Writing Text Content in the Editor

bttn WordPress Tutorials for Beginners 255x104Now that you have a really terrific, creative title — let’s move on to what you’ve been so patiently (or in some cases … impatiently) waiting to learn to do — writing your page using the WordPress editor.

As I previously mentioned, some people like to pre-write their content in programs such as Microsoft WORD for example and then copy and paste it into their WordPress page or post. This is certainly ok to do, but you should first review my Tips for Copying and Pasting in WordPress which will help you to avoid some self-made problems.

Working in the WordPress Editor

Because I’ve already gone over copying and pasting, this tutorial will talk strictly about writing your content within what’s known as the WordPress editor. Yours will look something like this:

sample image of the WordPress Editor

What you’re looking at above is a sample of the entire WordPress page administration panel – including the administration navigation on the left and what I call the “Publishing” panel on the right. The WordPress Editor itself is the box in the middle. The post panel will look pretty much exactly the same. Yup — there sure is a lot of stuff in there! But don’t panic and run off to hide behind a tree or anything. I’m going to help you work your way through this. Also remember that your panel may not look quite so full of stuff either.  Web designers will probably have more in their work area than their clients because many of us will hide as many of the things as we can you don’t need to be concerned about which saves you panic attacks and us fix-it sessions.

The Visual and the HTML Tabs

Wordpress Editor buttons sample

The red arrow on the top right points to two tabs which are the Visual and the HTML tabs. 99% of my clients don’t need nor know how to use the HTML tab and this is a good thing — because in here you can do some damage unless you know what you’re doing. The reason for this is that sometimes there is not only common website tag code visible in there but also what’s called PHP shortcodes coded into the page. Shortcodes provide features and functions for your site that must be left as-is. Should you inadvertently delete or modify a tag or shortcode, you’ve just messed up your site.

I don’t like putting shortcodes where clients have access to them and I try not to do this as much as possible, but sometimes this just can’t be helped because the feature or function doesn’t work any other way. Unfortunately, sometimes the shortcodes are also visible in the Visual tab and that makes me real nervous but again, sometimes there is nothing can be done about it — the shortcodes have to be placed in the page in order for things to work right. I currently have just one client that has any need at all to use the HTML tab and the only reason she uses it is because she’s got some web design experience and knows what to do in that tab.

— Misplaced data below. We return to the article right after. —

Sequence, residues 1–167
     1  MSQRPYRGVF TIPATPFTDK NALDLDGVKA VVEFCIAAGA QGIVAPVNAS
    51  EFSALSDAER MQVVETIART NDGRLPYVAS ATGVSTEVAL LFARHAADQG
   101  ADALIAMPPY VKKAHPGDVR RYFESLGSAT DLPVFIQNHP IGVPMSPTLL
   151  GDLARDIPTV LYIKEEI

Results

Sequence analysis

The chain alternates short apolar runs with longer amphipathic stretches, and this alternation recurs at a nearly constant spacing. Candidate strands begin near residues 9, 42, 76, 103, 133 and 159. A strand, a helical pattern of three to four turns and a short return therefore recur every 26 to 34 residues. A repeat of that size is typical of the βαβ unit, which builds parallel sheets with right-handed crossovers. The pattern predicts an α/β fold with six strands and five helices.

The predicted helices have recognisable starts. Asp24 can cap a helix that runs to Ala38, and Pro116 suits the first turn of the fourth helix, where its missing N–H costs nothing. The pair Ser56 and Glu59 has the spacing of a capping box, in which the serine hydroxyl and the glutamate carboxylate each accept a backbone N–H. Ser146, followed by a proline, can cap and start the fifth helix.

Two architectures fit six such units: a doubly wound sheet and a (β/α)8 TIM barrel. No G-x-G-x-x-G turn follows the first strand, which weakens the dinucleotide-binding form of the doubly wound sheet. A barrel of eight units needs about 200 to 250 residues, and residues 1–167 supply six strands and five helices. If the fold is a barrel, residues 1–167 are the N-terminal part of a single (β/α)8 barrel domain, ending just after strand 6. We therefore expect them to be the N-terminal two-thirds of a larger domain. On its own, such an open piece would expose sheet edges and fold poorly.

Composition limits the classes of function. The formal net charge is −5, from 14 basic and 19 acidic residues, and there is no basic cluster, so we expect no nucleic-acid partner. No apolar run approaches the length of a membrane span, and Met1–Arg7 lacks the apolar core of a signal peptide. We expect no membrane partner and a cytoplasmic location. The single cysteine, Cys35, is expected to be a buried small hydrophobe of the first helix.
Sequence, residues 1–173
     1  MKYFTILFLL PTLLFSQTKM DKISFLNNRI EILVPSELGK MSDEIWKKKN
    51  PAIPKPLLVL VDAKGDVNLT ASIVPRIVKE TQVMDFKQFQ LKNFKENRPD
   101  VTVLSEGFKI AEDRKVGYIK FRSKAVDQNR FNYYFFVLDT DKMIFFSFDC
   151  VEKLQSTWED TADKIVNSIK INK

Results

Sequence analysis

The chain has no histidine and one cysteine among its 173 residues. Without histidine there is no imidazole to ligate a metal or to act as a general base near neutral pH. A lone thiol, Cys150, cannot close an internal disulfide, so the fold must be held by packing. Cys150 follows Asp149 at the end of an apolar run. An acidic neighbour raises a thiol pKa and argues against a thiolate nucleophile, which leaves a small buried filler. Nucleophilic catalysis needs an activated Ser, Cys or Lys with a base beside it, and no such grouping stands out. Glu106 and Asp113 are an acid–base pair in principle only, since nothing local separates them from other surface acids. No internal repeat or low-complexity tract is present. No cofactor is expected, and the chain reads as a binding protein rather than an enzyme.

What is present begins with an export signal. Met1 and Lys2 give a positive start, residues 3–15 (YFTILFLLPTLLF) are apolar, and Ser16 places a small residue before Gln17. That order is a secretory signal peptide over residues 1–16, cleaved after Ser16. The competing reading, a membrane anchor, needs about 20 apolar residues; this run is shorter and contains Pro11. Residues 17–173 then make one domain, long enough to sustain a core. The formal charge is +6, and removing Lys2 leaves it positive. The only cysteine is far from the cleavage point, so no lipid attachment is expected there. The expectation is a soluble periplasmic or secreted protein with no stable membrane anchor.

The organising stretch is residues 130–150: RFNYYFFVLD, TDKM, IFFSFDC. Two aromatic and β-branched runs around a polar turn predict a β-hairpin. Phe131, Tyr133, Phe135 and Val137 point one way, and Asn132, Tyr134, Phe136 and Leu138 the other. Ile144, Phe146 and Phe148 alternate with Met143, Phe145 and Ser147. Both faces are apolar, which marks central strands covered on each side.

If you see something that looks a little funky to you — normally wrapped in brackets like this: [ shortcode here] — I can’t stress enough to be very careful to not delete or modify it in any way. It’s just something you must work around. In most instances this is intended to sit at the bottom of the page and everything you do can and should be done above the shortcode.

If you happen to mess with the common everyday tag code more then likely what will happen is your tags will no longer be opened or closed properly and the end result will be funky looking text. For example, you could wind up with an entire page in bold or italics.

Most if not all of your work will be done in the Visual tab. When you open your page editor click on the Visual tab to get where you need to be.


After clicking on the Visual tab, all you need to do to get started is to click your mouse in the upper left corner of the blank area and start writing! My example image isn’t blank because the screen shot you’re looking at is the page you’re reading right now and which I’m writing and editing as I go along. When you first go to create a new page, the editor box will initially be empty or blank.

Saving Your Work

The Save Draft button You can write ’till your heart’s content but you should save your work often. Until such time as you’re happy with what you’ve written and ready to make your page visible on your website save it as a Draft. You’re probably familiar with this term already so I won’t elaborate on this but instead just tell you how to do it in WordPress.

To the right of the editor screen you will see what’s known as the “Publishing” panel. The Save Draft button is located at the top of this section. Click it to save your page as a draft. You’ll see other options here but we’ll get into them later.



Making Paragraphs